Some fifteen years ago, nuclear spin tomography was introduced in Germany as a revolutionary method of diagnostic medical imaging. On the occasion of the Medica 98 Forum last November, the latest product in this discipline was showcased in Düsseldorf to the professional health care public, as a fully open-sided unit. The patient no longer will experience any claustrophobic fear nor feelings of stress like before, because he found himself locked in a narrow "tube". The newly designed family of nuclear spin tomographs has the aspect of a Grecian temple, a magical place for meditation as it seems, which can equally be applied for image-aided surgical interventions.
In its relatively short career, nuclear spin tomography has been awarded five Nobel prizes. Today, innovative adjustments to the equipment transform the technology into a serious rival for X-ray imaging in different medical specialities. The primary applications relate to the mapping of brain diseases and tumours. Each third nuclear spin tomograph concentrates on this complex area, followed by spinal imaging. Twenty percent of all medical examinations are performed on the muscles and skeleton. The most popular organs within nuclear spin tomography are the womb, prostate, gland and bladder. In the past, this modality was reserved for the detailed imaging of anatomical structures but nowadays, it is also possible to capture functional processes, such as haemorrhaging and blood circulation.
Unlike X-rays, the use of nuclear spin tomography causes no negative side effects, since the imaging is performed via magnetic fields and radio waves. Nonetheless, patients tend to suffer from stress, induced by claustrophobia, while lying in the tight-fitting investigation "tube" of the imaging equipment. As a result, designers already have experimented with half-open versions to deal with this problem of psychic and emotional strain. The most recent development in nuclear spin tomography production, as premiered at Medica 98, presented a total "free range" magnetic system. For the first time, the physician will be able to monitor the patient's body in a fully open-sided setting consisting of two magnetic "millstones" on four columns.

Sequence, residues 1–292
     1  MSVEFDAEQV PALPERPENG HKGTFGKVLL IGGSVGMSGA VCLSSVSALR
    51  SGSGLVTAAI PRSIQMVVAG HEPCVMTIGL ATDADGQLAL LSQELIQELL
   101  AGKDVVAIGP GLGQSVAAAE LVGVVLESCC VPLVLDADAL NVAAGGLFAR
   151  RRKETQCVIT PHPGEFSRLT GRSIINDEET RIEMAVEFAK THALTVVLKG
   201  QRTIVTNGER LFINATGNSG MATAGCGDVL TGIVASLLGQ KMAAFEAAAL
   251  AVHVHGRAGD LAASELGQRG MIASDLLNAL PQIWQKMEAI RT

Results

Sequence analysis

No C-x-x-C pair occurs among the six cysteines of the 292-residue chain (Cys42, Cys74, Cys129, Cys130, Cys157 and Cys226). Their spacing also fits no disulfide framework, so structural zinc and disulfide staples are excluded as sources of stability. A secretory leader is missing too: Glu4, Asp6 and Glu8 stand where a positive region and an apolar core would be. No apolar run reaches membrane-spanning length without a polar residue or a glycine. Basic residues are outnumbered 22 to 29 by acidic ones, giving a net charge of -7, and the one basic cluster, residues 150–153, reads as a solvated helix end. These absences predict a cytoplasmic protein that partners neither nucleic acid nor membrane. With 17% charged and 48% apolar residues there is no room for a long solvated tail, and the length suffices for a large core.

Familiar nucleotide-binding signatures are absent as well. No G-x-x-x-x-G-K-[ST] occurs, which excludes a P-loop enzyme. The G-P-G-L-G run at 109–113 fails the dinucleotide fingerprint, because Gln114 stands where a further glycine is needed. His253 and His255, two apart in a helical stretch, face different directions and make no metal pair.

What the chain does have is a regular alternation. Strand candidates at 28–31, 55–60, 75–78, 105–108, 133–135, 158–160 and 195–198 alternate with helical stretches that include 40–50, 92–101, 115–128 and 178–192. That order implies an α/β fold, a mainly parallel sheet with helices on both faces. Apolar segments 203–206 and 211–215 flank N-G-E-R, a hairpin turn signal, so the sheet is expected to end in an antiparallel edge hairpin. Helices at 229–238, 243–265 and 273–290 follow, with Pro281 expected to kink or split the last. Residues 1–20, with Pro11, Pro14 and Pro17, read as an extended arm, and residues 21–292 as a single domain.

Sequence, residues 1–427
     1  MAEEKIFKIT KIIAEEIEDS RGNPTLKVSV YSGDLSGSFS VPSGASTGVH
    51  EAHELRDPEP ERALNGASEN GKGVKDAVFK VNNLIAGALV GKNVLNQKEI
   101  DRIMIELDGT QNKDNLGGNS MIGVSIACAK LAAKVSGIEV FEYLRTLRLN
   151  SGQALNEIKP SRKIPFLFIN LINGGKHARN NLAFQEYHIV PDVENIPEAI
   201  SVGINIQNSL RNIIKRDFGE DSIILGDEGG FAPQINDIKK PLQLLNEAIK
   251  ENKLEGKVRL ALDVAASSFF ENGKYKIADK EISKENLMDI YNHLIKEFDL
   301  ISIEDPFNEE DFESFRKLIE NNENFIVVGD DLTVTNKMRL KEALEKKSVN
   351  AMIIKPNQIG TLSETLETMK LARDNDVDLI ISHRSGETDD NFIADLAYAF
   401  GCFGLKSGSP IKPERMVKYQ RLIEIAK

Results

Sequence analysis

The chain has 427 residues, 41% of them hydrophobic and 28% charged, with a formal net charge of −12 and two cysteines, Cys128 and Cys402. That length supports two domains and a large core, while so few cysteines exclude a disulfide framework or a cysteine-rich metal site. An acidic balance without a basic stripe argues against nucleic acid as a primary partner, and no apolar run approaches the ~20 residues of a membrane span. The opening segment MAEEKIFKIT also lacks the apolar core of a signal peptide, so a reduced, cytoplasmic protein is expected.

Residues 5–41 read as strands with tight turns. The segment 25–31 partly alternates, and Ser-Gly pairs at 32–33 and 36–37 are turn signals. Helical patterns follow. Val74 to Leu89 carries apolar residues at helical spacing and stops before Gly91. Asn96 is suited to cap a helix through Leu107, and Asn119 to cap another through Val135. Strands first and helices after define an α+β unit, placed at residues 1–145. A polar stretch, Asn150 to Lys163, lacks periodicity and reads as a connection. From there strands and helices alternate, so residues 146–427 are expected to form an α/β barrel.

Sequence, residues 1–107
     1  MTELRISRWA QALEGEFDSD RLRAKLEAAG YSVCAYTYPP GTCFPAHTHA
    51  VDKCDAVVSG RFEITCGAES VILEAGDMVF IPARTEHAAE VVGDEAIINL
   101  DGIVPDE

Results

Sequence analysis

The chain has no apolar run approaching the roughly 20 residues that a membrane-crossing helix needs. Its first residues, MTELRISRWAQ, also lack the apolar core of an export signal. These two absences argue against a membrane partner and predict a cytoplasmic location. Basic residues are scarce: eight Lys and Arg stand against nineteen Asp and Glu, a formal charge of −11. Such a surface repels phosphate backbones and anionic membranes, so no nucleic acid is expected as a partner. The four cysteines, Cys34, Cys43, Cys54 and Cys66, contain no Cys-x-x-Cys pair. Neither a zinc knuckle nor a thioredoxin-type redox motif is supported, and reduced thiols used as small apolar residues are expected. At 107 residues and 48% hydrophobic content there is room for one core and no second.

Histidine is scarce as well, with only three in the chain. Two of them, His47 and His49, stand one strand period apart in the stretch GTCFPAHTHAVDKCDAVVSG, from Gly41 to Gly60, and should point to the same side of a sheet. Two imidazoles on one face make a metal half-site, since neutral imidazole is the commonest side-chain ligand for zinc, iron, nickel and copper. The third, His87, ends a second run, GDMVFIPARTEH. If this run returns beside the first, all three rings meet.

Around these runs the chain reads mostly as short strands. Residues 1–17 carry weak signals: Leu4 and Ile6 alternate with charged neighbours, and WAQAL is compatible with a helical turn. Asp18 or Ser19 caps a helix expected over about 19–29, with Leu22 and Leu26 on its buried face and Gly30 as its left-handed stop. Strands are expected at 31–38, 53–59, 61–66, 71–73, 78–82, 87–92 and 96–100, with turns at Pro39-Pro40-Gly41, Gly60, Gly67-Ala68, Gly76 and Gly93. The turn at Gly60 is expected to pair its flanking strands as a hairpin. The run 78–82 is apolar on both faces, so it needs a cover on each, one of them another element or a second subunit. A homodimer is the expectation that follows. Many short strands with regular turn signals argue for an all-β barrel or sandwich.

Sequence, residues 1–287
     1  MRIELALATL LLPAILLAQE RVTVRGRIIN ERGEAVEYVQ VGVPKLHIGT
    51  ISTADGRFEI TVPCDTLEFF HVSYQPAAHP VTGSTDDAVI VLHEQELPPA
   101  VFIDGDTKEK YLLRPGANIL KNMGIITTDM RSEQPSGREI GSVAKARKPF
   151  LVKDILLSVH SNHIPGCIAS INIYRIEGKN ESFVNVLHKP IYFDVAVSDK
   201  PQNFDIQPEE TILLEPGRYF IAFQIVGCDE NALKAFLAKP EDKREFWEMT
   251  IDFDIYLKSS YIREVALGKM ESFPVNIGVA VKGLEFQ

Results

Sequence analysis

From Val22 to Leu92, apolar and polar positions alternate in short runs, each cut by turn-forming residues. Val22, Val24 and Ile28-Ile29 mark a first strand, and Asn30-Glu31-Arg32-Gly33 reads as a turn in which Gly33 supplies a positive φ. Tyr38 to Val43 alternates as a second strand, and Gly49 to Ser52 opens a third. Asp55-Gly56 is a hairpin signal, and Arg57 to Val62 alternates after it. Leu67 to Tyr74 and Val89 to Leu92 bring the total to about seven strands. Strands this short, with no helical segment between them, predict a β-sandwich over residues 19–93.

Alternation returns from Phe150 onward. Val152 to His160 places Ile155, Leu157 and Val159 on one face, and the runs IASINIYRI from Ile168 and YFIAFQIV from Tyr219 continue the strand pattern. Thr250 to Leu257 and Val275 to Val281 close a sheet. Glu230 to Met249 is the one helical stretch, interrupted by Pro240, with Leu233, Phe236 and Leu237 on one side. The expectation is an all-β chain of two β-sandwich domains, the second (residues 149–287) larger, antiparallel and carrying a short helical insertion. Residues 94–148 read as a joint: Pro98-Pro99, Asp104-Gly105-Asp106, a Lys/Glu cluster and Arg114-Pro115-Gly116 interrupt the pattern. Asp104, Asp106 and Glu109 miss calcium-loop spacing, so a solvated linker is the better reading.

Particularly child patients are bound to benefit from this friendly approach. The once slightly threatening appearance of the nuclear spin tomograph has been changed into the inviting structure of a Grecian temple. In addition to the imaginative factor, the open architecture of the device also has a useful, functional aspect. The surgeon is able to carry out image-aided operations, such as the opening up of constricted blood vessels, on the spot. This kind of intervention is unthinkable in a tunnel-shaped nuclear spin tomograph. One thing ought to be done about the interference of the strong magnetic field with the surgical instruments though, to avoid the "magical" attraction for metals in the sanctuary of the Grecian temple.